Fort Wayne’s tumultuous protests downtown lead to clashes with police, teargas, broken windows and injuries.
On Friday evening, a small crowd began to gather on the Courthouse Green in downtown Fort Wayne. Many members of the crowd held signs, raised their fists over their head or chanted as cars passed by, heading down South Clinton Street.
The protest was in response to the death of George Floyd in Minneapolis. Floyd was being arrested by police, and was handcuffed, when Officer Derek Chauvin knelt on Floyd’s neck. Captured on video, the officer continued to kneel on his neck for nearly nine minutes while Floyd cried out.
Around the country, protests like the one in Fort Wayne have been happening since Floyd’s death on Memorial Day. Alisha Rauch organized Friday’s protest with an event on Facebook. By 5 p.m., the page had more than 300 responses from people planning to attend.
Rauch says the protest was borne out of frustration.
“You know, after time, you see it over and over and over again. And then, finally, I was just like ‘I’m tired of seeing it. I’m tired of just watching. I wanna do, you know, I wanna do something.’”
The group stretched down the street in front of the Allen County Courthouse, intermittently chanting various phrases that have become popular in the Black Lives Matter movement. Chants of “no justice, no peace,” “black lives matter” and “I can’t breathe” - a phrase Floyd can be heard saying to Chauvin in videos of the encounter - filled the crowd.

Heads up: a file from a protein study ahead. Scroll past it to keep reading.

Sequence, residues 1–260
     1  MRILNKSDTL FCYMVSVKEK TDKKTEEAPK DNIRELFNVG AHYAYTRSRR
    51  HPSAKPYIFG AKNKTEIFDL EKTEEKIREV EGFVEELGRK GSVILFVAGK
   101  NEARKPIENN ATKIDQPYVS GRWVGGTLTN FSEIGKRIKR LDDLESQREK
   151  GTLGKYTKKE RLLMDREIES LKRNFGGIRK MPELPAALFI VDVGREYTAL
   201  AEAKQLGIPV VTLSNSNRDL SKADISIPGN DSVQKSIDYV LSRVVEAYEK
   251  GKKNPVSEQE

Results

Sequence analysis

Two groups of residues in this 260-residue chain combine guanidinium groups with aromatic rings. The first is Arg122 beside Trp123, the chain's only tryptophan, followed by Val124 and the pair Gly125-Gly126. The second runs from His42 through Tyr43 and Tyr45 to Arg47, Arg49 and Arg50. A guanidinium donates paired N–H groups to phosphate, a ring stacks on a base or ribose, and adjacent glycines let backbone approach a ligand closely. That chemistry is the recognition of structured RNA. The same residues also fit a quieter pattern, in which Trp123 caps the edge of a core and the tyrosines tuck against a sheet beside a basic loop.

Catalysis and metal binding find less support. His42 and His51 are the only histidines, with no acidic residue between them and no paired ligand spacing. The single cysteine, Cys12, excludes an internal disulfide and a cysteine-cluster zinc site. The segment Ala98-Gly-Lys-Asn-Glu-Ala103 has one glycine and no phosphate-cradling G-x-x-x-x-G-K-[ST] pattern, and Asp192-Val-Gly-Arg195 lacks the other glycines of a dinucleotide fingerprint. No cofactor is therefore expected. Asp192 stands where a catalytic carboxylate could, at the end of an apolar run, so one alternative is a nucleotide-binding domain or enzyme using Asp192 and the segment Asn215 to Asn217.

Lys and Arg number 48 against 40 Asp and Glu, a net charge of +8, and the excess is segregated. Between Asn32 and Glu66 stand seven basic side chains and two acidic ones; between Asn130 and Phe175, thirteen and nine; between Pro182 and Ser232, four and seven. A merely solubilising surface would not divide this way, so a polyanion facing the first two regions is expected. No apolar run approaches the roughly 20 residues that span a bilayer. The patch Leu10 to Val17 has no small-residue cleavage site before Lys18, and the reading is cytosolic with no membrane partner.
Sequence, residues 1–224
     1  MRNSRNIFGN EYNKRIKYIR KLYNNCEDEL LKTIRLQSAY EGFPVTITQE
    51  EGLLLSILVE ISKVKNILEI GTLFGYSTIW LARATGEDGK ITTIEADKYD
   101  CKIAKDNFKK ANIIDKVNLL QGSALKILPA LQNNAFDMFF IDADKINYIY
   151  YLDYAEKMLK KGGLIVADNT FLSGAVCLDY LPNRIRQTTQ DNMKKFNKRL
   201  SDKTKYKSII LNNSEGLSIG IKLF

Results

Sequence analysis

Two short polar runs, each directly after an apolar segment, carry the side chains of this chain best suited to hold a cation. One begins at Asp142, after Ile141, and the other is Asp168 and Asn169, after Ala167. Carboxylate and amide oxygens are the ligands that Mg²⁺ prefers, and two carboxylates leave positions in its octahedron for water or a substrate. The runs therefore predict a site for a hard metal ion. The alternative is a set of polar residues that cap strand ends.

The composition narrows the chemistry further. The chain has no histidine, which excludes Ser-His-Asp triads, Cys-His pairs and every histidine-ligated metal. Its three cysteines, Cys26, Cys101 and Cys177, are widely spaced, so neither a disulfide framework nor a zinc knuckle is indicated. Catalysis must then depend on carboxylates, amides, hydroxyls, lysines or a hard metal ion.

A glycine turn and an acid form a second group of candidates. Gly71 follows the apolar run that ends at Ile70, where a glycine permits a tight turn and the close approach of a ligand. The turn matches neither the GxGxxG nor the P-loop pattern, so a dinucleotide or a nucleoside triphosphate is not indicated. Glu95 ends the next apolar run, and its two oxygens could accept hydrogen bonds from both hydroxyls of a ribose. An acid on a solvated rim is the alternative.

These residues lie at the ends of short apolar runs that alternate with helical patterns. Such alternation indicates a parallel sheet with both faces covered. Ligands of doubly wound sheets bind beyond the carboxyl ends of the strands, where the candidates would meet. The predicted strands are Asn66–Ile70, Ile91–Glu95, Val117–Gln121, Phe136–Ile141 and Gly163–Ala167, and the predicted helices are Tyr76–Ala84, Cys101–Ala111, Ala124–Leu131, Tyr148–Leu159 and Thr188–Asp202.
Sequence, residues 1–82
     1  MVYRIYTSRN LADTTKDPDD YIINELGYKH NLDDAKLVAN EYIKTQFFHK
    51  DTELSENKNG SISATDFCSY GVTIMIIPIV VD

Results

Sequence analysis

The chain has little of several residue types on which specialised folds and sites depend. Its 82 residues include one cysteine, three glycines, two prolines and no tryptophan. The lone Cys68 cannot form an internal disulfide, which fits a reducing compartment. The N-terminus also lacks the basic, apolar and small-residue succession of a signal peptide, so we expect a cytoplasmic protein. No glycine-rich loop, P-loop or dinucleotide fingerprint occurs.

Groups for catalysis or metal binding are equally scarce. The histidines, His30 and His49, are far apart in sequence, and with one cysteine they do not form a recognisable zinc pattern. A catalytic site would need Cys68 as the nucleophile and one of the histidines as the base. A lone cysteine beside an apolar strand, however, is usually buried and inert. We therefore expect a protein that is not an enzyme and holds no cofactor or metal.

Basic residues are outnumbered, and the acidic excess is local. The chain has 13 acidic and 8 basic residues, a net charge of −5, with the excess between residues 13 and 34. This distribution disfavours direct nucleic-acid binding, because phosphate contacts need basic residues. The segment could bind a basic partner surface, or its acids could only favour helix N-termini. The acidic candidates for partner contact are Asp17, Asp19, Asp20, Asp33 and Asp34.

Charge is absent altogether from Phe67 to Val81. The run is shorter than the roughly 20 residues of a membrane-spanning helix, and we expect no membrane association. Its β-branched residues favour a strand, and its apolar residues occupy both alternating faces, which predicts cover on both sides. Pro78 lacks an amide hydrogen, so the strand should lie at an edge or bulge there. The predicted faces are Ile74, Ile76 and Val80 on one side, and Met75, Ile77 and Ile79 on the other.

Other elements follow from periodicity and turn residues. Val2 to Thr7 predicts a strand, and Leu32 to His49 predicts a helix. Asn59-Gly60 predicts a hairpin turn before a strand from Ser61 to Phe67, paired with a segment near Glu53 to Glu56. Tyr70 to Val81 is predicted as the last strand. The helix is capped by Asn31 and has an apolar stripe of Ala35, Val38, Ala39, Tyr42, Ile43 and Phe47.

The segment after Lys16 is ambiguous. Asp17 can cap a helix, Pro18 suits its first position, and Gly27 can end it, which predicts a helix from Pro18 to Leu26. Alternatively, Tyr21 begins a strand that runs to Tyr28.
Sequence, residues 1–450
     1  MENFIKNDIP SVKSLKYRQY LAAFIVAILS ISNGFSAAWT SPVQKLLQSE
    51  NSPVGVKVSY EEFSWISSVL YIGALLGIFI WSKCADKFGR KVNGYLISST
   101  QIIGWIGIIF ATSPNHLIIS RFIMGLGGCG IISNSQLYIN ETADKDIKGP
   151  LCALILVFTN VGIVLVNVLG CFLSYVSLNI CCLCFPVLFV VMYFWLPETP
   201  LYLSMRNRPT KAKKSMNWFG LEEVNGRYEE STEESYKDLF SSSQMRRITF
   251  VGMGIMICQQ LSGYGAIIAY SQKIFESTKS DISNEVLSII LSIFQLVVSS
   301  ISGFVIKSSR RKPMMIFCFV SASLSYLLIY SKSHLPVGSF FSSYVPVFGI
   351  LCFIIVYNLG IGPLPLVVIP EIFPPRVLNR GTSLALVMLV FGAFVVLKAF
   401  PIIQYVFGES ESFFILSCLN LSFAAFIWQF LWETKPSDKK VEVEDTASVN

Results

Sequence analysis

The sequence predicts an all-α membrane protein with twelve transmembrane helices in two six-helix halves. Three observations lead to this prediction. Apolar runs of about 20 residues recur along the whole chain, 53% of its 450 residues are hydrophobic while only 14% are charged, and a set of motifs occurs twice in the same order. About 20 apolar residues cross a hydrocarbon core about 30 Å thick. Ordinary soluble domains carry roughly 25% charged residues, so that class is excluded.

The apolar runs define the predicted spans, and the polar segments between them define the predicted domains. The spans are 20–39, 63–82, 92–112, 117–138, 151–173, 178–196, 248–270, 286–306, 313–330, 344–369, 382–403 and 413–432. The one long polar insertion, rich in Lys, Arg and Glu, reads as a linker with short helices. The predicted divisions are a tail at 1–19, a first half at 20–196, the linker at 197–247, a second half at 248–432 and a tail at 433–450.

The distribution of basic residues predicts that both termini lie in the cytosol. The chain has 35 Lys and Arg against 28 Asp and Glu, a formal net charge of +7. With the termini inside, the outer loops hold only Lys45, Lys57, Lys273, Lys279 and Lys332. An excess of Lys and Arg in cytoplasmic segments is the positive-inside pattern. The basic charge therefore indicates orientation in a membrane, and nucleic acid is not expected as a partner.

“We just want to be felt, we want to be heard. We want them to know that this isn’t okay. This isn’t okay to us.”
For the first couple hours, protesters remained on the sidewalk, protesting peacefully and without police presence. Eventually, cars began to slow to take videos or show support. Horns wailed as they passed the protesters.
Fort Wayne Police said the crowd began spilling into the street around 7 p.m. According to one protestor, Walter Lewis, some cars stopped, their drivers getting out and joining the protest.
“Everything was peaceful. Yeah, people did get in the streets, but then we got people out the streets, but then cars started stopping.”
Lewis says he began to hear word of police coming to the area in riot gear. He tried to take control of the situation, encouraging other protesters to keep the peace.
“So, I let everybody know, I said let’s keep it peaceful. They’re coming in riot gear, but we’re not gonna let them provoke us. That’s exactly what I said. And before you knew it, police came running around a little small area and then they just started spraying us with tear gas.”
At 8 p.m., police began letting loose tear gas canisters and spraying protesters with pepper spray. Some in the crowd began breaking windows around the area.
Police say they gave several warnings to leave the area, while many protesters say they never heard a warning before they were met with tear gas.
The clash continued into Saturday morning. About 30 people were arrested, largely for “disorderly conduct” and “failing to leave an emergency situation.”
Law enforcement leadership promised the violence of Friday night would not happen again.
Allen County Sheriff David Gladieux gives a warning to protesters that he won’t tolerate any lawbreaking or destruction;
“There will be no questions, no second chances.”
In the afternoon, crowds once more began to gather on the Courthouse Green. This time, protesters faced the Courthouse where people took turns speaking into a microphone and bullhorn about the need for continuing to protest.